The EPA Just Approved Lab-Grown Mosquitoes to Fight Disease

Image: Getty
Image: Getty

Killer mosquitoes are coming—mosquitoes that help kill other mosquitoes, that is.

The Environmental Protection Agency has approved lab-reared mosquitoes infected with the bacterium Wolbachia pipientis to be released into the wilds of 20 states and Washington, DC. The mosquitoes are engineered by the company MosquitoMate so that they deliver the bacterium to wild mosquitoes when released, killing off insects that could transmit viruses such as dengue, yellow fever and Zika.

The technique is a riff on an approach used to manage agricultural pests for more than half a century known as “sterile insect technique.” Using radiation to randomly cause an insect’s genes to mutate, scientists made problematic species like the screwworm unable to produce viable offspring. By 1982, screwworm was completely eradicated from the US.


Mosquitoes, though, are too fragile to blast with rays of radiation and still be capable of mating in the wild, forcing scientists to turn to other techniques such as genetic engineering or, in this case, the Wolbachia bacterium. The company will rear the infected mosquitoes in its Kentucky lab, sorting non-biting males from females. Then those males will be released at treatment sites to mate with wild females, producing eggs that don’t hatch because the virus prevents paternal chromosomes from developing properly. The idea is that over time, as more male mosquitoes are released to mate with wild females, the population dwindles—without having to resort to pesticides that are not only harmful to people and the environment, but rapidly dwindling in efficacy.

The news was reported first on Tuesday in Nature, and confirmed to Gizmodo by MosquitoMate and the EPA. The EPA said that on November 3 the agency officially registered MosquitoMate’s Asian Tiger mosquito as a new biopesticide, with a five-year license to sell in 20 different states.

MosquitoMate CEO Stephen Dobson told Gizmodo that the company will begin releasing the mosquitoes in the Lexington area next summer, and gradually expand to other nearby metropolitan areas like Nashville and Louisville. The company will contract with local government bodies, as well as sell the mosquitoes direct to home owners via a summer-long subscription.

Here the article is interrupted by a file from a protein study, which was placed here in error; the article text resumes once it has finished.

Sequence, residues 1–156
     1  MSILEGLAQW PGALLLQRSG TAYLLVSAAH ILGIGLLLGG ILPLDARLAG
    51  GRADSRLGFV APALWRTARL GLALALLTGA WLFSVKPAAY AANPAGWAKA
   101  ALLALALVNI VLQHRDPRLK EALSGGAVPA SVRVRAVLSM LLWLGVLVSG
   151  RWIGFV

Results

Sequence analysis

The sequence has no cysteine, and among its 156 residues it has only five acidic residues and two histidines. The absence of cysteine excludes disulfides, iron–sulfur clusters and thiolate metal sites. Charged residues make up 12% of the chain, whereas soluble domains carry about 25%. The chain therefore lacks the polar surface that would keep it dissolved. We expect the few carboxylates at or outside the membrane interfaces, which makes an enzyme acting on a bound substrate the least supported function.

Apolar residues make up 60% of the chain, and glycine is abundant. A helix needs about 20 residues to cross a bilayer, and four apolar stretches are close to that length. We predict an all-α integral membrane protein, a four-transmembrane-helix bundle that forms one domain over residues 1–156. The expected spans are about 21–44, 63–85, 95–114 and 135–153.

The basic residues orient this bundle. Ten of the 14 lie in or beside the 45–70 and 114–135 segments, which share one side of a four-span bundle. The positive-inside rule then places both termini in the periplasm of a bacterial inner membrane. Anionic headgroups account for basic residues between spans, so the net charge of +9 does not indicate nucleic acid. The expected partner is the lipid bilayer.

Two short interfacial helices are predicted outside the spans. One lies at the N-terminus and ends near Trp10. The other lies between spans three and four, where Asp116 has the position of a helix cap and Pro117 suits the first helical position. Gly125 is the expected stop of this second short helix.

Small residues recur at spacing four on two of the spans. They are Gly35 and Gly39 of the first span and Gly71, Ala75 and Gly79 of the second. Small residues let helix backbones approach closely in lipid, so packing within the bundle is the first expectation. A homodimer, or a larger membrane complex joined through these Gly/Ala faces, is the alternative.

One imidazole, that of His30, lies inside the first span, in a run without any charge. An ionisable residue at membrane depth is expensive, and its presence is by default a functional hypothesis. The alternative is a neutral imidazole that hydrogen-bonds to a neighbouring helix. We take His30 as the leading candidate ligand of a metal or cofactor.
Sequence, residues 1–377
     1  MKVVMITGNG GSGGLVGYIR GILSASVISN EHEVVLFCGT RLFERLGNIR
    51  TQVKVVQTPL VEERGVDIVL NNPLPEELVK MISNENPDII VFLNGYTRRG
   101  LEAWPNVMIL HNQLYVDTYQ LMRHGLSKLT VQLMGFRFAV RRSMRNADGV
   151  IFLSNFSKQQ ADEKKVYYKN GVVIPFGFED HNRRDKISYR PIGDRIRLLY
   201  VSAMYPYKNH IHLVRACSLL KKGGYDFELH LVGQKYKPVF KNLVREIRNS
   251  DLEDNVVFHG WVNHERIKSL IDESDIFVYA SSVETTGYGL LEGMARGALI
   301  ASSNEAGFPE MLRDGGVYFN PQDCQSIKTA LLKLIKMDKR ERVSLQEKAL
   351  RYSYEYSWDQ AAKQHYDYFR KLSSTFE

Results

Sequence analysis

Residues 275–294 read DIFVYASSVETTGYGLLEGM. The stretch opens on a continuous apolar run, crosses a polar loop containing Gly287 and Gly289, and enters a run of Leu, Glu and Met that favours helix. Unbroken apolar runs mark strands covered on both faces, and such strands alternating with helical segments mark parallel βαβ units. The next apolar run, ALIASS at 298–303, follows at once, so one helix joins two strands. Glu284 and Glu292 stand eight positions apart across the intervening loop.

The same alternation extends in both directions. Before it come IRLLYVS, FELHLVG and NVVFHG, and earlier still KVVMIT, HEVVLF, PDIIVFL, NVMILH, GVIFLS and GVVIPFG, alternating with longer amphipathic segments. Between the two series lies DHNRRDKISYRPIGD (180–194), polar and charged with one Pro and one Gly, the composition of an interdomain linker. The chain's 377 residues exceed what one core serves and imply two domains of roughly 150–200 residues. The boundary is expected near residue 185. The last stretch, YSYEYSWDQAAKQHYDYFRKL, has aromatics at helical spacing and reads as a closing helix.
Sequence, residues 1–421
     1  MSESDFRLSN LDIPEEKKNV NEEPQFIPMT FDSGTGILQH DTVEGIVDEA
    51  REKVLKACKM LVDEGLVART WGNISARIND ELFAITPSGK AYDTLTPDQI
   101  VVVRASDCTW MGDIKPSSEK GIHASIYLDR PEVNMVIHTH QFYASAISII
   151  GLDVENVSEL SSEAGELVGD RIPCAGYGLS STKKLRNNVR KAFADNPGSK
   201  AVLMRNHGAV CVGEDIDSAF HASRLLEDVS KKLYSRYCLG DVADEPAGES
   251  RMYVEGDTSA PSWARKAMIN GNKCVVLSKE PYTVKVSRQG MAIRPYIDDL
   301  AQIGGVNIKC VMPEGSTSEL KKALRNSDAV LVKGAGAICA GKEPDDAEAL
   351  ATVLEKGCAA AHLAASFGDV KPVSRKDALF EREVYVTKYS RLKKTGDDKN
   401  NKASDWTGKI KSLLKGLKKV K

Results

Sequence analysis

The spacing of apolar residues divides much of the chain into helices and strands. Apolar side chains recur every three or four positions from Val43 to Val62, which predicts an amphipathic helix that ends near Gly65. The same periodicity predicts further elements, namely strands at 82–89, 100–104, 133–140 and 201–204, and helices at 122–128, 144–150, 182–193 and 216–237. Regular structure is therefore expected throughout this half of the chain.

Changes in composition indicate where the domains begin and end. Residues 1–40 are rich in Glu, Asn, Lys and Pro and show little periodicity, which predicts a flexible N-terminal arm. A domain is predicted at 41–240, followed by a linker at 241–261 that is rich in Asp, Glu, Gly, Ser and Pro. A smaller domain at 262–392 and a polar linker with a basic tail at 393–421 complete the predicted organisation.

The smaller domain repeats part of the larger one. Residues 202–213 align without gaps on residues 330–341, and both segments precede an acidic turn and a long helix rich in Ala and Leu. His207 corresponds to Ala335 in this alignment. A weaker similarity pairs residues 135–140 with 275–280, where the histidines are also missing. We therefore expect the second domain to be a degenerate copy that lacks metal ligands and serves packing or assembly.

MosquitoMate is not the only entity to explore the use of lab-grown mosquitoes to kill off pests, but its approach has been far less controversial than some others because it is perceived as a “natural” alternative to pesticides. The British biotech company Oxitec has for years sought approval to release genetically engineered sterile insects in the US, but so far has yet to even gain approval for open-air tests. In the Florida Keys, for example, the local community railed against Oxitec’s mosquitoes, forcing the company to seek a new location for its trials after a local vote. Meanwhile, MosquitoMate’s trials in the Keys and Fresno, CA attracted little attention.


Dobson told Gizmodo that it is also pursuing the release of the Asian Tiger mosquito nationwide, as well as trials of another species of mosquito, the Aedes aegypti—one of the deadliest species of mosquitoes.

Senior Writer, Gizmodo.

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Still Cat from MA

The company I have heard most often for the technology of producing sterile male mosquitoes to reduce disease-carrying popolations is the British-based Oxitec. They have been working on this technology for years, with proven success in trials in several tropical areas and are now beginning to work to reduce mosquitos carrying Dengue, Zika and chikungunya viruses in Brazil:

For years Oxitec has tried to get approval of their approach to fight malaria and viruses in the Southern US, pointing to dramatically positive results of trials in other countries: